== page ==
Nov. 22, 2023

Undergrad utilizes nursing skills in the backcountry on adaptive wilderness adventure

Final term student Ella Hasselback on her Rockwall Trail adventure this past summer with CRIS Adaptive
Ella Hasselback
Ella Hasselback, final term UCalgary Nursing student

Nursing students are the future of this profession and already impact health care today and tomorrow as passionate voices and advocates for patients.

For National Nursing Students’ Week (NNSW) Nov. 20-26, we are recognizing the work and commitment of some of our undergraduate students at UCalgary Nursing by sharing their stories.

Group of hikers in front on Rockwall Trail in Kootenay National Park

Hasselback (third from left) with other volunteers with CRIS Adaptive Adventures and client Greg McMeekin on the Rockwall Trail in Kootenay National Park.

Ella Hasselback is a final term nursing student at UCalgary Nursing who is born and raised in Calgary. She’s a transfer route student from psychology started the program in 2021.

This past summer, Hasselback went on an adaptive wilderness expedition on the Rockwall Trail in Kootenay National Park with Community Recreational Initiatives Society (CRIS) Adaptive Adventures, a Kelowna-based non-profit organization that provides outdoor recreation programs for people with disabilities through use of adaptive equipment. She spent three days hiking a 39-kilometer route, including two overnight stays in tents in different backcountry campgrounds, all while helping a client with personal care needs.

Hasselback recalls seeing the employment opportunity posted on D2L last winter. Greg McMeekin, the client, is a lawyer who currently works as the provincial advocate for people with disabilities in Alberta. He has quadriplegic cerebral palsy and a huge passion for the outdoors. McMeekin reached out to the faculty to find out if a nursing student would be interested in joining the camping trip in a caretaking role and Hasselback jumped at the opportunity right away.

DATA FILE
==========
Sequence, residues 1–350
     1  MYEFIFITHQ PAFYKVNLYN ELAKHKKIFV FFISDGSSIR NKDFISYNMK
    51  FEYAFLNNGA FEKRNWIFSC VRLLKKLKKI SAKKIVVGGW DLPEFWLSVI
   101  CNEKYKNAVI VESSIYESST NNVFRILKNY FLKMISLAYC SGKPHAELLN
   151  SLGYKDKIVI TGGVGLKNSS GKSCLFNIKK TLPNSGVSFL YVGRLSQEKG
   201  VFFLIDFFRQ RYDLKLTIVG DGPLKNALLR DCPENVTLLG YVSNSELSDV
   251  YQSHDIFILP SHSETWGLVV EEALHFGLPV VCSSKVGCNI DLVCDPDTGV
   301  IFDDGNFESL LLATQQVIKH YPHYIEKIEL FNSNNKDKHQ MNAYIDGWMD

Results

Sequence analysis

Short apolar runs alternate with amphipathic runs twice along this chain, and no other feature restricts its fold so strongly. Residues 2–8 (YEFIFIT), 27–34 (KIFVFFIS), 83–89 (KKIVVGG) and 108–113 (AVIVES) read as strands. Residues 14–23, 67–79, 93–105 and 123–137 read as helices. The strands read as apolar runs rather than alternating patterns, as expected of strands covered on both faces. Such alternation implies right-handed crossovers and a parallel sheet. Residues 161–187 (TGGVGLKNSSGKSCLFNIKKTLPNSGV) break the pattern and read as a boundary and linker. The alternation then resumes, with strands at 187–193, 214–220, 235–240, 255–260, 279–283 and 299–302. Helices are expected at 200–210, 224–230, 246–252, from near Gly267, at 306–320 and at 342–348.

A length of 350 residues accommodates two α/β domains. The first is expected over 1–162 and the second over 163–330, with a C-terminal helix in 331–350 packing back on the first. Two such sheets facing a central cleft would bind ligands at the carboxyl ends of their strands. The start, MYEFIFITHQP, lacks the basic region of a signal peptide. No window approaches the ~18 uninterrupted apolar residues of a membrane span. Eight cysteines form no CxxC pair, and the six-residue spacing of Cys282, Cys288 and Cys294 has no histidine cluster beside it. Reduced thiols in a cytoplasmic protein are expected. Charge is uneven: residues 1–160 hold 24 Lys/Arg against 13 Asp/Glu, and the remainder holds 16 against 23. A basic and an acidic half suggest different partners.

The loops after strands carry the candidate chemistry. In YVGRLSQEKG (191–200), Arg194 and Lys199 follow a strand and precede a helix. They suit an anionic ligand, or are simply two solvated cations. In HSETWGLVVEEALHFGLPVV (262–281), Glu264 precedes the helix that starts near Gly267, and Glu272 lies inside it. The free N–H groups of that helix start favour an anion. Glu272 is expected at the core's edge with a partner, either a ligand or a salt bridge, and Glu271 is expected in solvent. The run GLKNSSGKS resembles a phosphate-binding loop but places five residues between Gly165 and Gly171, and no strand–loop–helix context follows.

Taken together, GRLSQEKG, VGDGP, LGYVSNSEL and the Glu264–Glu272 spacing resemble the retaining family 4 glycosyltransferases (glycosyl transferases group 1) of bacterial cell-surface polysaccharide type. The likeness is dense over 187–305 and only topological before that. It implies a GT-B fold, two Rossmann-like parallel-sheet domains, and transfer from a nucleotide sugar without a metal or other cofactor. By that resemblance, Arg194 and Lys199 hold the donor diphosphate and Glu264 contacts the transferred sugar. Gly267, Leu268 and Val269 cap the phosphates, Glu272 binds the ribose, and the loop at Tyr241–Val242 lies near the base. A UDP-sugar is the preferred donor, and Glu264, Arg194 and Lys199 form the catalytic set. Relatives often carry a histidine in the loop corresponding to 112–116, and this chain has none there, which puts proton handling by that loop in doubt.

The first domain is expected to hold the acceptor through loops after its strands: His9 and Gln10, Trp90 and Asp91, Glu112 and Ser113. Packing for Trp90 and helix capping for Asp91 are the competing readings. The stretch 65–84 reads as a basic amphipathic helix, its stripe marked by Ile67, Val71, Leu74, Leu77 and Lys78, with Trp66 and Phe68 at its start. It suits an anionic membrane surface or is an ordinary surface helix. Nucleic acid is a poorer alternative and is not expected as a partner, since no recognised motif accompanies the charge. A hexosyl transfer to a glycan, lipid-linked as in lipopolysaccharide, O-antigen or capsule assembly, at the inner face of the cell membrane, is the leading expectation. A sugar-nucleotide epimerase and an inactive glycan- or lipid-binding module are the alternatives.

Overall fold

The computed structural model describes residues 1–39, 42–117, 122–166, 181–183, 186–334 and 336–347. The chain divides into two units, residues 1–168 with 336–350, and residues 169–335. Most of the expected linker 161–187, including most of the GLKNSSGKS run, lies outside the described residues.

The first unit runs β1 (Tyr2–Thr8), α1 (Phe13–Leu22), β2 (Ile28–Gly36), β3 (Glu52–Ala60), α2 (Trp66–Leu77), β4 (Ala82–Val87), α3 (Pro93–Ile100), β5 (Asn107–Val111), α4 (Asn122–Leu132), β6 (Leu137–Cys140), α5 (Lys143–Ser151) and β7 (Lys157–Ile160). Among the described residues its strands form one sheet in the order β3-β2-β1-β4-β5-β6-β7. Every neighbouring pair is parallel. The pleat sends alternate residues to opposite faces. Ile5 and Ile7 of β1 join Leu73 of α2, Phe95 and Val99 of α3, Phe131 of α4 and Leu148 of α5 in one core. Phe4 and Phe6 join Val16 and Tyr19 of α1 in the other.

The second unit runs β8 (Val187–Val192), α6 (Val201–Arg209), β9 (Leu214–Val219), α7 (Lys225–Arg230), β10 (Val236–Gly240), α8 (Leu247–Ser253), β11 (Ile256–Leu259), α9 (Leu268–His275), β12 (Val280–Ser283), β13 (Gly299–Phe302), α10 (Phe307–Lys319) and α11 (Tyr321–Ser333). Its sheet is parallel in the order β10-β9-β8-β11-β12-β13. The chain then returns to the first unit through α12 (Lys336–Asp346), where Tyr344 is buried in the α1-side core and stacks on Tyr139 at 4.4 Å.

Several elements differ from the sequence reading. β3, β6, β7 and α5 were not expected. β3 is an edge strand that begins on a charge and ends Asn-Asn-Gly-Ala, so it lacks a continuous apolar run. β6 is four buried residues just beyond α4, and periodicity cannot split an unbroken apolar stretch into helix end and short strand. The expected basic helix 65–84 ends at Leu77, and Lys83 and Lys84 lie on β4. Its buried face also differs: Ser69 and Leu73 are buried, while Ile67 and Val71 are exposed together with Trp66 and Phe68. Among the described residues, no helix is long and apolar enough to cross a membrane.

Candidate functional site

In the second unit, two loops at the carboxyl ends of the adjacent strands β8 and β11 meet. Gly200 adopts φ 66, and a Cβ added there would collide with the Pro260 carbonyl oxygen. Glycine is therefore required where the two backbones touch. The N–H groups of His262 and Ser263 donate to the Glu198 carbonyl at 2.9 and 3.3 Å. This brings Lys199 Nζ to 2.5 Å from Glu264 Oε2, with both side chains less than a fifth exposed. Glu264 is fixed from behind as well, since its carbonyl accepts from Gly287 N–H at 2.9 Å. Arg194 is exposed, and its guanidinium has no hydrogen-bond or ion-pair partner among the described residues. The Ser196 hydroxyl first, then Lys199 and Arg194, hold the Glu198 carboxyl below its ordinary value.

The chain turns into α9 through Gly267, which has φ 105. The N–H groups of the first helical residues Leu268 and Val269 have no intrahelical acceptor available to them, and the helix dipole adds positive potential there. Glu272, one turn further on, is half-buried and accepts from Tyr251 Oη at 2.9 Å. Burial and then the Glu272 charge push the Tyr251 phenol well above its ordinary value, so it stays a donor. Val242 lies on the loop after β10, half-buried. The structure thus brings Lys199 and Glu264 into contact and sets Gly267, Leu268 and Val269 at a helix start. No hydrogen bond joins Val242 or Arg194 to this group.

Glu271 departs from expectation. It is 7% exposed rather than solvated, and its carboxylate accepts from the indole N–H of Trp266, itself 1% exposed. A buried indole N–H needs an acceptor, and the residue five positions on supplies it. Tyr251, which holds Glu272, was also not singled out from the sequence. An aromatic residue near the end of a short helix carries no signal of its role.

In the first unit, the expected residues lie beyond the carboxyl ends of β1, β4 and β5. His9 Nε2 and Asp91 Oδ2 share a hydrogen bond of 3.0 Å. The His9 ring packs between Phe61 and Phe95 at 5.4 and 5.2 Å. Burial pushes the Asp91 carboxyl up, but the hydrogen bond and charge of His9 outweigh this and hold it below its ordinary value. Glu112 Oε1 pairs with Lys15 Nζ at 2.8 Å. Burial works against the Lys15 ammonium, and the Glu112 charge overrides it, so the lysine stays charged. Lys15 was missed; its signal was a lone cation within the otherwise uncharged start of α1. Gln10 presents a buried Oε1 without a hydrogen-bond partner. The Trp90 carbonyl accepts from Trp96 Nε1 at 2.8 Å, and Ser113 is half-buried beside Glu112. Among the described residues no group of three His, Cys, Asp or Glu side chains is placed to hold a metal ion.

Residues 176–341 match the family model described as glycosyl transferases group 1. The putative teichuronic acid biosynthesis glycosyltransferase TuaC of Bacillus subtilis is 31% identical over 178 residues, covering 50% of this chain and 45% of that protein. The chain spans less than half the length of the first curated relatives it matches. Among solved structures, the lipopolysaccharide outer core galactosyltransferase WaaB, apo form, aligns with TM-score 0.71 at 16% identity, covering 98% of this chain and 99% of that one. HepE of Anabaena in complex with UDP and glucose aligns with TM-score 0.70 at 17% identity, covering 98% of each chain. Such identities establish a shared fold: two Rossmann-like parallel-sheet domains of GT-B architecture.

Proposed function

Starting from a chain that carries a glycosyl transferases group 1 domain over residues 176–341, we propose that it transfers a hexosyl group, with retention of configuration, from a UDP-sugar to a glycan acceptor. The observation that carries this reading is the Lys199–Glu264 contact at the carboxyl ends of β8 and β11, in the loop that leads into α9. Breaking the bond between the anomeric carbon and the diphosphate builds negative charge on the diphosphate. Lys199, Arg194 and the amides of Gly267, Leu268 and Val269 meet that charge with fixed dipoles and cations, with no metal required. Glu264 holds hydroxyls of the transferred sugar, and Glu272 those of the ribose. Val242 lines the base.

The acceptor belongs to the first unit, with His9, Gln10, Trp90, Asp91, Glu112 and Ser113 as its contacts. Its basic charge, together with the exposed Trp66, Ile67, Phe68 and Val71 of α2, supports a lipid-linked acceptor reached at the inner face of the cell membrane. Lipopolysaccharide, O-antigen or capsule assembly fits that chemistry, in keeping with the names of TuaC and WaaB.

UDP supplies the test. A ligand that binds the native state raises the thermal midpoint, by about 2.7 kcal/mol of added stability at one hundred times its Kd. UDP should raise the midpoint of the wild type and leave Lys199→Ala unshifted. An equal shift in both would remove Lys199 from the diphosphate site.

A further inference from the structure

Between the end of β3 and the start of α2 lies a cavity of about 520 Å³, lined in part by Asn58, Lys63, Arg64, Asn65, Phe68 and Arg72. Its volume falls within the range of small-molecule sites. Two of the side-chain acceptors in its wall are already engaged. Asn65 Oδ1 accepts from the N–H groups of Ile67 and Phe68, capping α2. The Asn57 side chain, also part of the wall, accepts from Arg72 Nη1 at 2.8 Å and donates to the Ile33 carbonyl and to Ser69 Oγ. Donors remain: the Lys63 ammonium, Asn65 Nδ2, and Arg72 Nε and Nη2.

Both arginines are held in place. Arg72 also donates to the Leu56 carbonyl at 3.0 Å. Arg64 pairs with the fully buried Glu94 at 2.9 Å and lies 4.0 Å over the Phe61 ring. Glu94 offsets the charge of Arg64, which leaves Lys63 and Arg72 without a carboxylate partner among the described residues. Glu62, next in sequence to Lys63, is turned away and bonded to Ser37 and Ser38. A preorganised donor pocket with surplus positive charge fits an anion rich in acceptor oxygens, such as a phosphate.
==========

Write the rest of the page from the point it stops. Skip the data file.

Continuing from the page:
“I am very passionate about the outdoors, specifically hiking, camping and skiing, and was very excited about the opportunity to combine this passion with my love for nursing,”  she says.

Ella Hasselback nursing student in scrubss

She ended up joining McMeekin and six other people including CRIS Adaptive founder Troy Becker and volunteers who utilized a TrailRider -- essentially a single-tire wheelchair with one person pushing and one pulling -- to get McMeekin up the trail. While the other volunteers helped with transportation and cooking, Hasselback’s distinct role was medical in nature, helping McMeekin with feeding, changing catheters, medication administration and overall care at camp. 

“I am so grateful to Greg for the opportunity to accompany him on this trip and learn more about the importance of making outdoor spaces accessible to those with physical limitations,” she says. “We were all there for the mutual goal of getting Greg to see the Rockwall. There was no room for self-doubt. It was empowering to see his reaction to the views.”

Hasselback says she always knew nursing would be up her alley and that helping people would be a fulfilling career.

One of the reasons I love nursing so much is building connections with people and getting to know them.”

She says her long-term care placement was the most impactful experience she had in the nursing program. Currently, Hasselback is doing her preceptorship in cardiac surgery at the Foothills Hospital. While she’ll convocate in June 2024, Hasselback says she is starting her career in cardiac surgery after she finishes her preceptorship in December. Staying open to possibilities is advice she has for other nursing students and her summer experience proves that it pays off.

“Try things outside of your comfort zone. I was terrified and I was really nervous going into it,” she says. “But this trip was the most incredible experience of my life, as well as an immense mental and physical challenge.

“Don’t write other areas of nursing off: there are so many directions you can go. It’s a privilege while you’re a student to get to explore those different avenues in clinical. So say yes to all the opportunities you can.”